Smithfield Foods workers say they aren’t allowed to cover mouths to sneeze

Smithfield Foods workers say they aren’t allowed to cover mouths to sneeze

Smithfield Foods is driving workers at a Missouri pork plant so hard during the coronavirus crisis that they can’t even cover their mouths to sneeze, a new lawsuit says.

The meat-processing giant has threatened to punish workers for missing a single piece of meat on the production line at its plant in Milan, Missouri, according to the federal lawsuit filed Thursday.

That means they often don’t have enough time to cover their mouths or wipe their faces during grueling shifts in the crowded plant, the complaint says.

That’s just one of the ways in which Smithfield — the world’s largest pork processor — has put the plant’s employees at risk of catching and spreading the deadly coronavirus even as the pandemic has slammed other factories, the lawsuit alleges.

The Virginia-based company has flouted federal guidelines for preventing the spread of the virus by providing insufficient protective gear, offering bonuses that encourage people to come to work sick, and forcing workers to crowd into cramped bathrooms and hallways, the complaint says.

The lawsuit was brought by an anonymous plant worker and the Rural Community Workers Alliance, a nonprofit that counts Smithfield workers as members.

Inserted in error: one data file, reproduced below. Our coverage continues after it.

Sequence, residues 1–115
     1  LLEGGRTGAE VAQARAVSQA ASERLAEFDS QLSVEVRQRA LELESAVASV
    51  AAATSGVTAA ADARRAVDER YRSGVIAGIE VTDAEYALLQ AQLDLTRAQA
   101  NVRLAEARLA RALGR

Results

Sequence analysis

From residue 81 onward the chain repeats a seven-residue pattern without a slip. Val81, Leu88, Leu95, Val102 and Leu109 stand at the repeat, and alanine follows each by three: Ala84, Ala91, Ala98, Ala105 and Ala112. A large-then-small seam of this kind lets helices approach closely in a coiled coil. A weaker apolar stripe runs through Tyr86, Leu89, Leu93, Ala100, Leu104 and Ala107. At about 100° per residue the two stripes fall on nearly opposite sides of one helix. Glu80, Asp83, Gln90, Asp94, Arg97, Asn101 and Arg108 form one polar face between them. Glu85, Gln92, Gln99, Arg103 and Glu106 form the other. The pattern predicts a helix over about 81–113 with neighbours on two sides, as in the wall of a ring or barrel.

Abebe Lamesgin, 54, whose wife tested positive for COVID-19 after working at Smithfield Foods pork processing plant in South Dakota
Abebe Lamesgin, 54, whose wife tested positive for COVID-19 after working at Smithfield Foods pork processing plant in South DakotaGetty Images

“Put simply, workers, their family members, and many others who live in Milan and in the broader community may die — all because Smithfield refused to change its practices in the face of this pandemic,” the complaint reads.

But Smithfield reportedly dismissed the claims in the lawsuit and said it would “aggressively” defend itself in court.

“The allegations contained in the complaint are without factual or legal merit and include claims previously made against the company that have been investigated and determined to be unfounded,” Keira Lombardo, Smithfield’s executive vice president for corporate affairs and compliance, told Law.com in a statement.

More than a dozen meat and food-processing workers have died from the coronavirus and more than 5,000 have been infected with or exposed to the disease, according to the United Food and Commercial Workers International Union. Smithfield even closed a plant in South Dakota after more than 200 workers there caught the virus.

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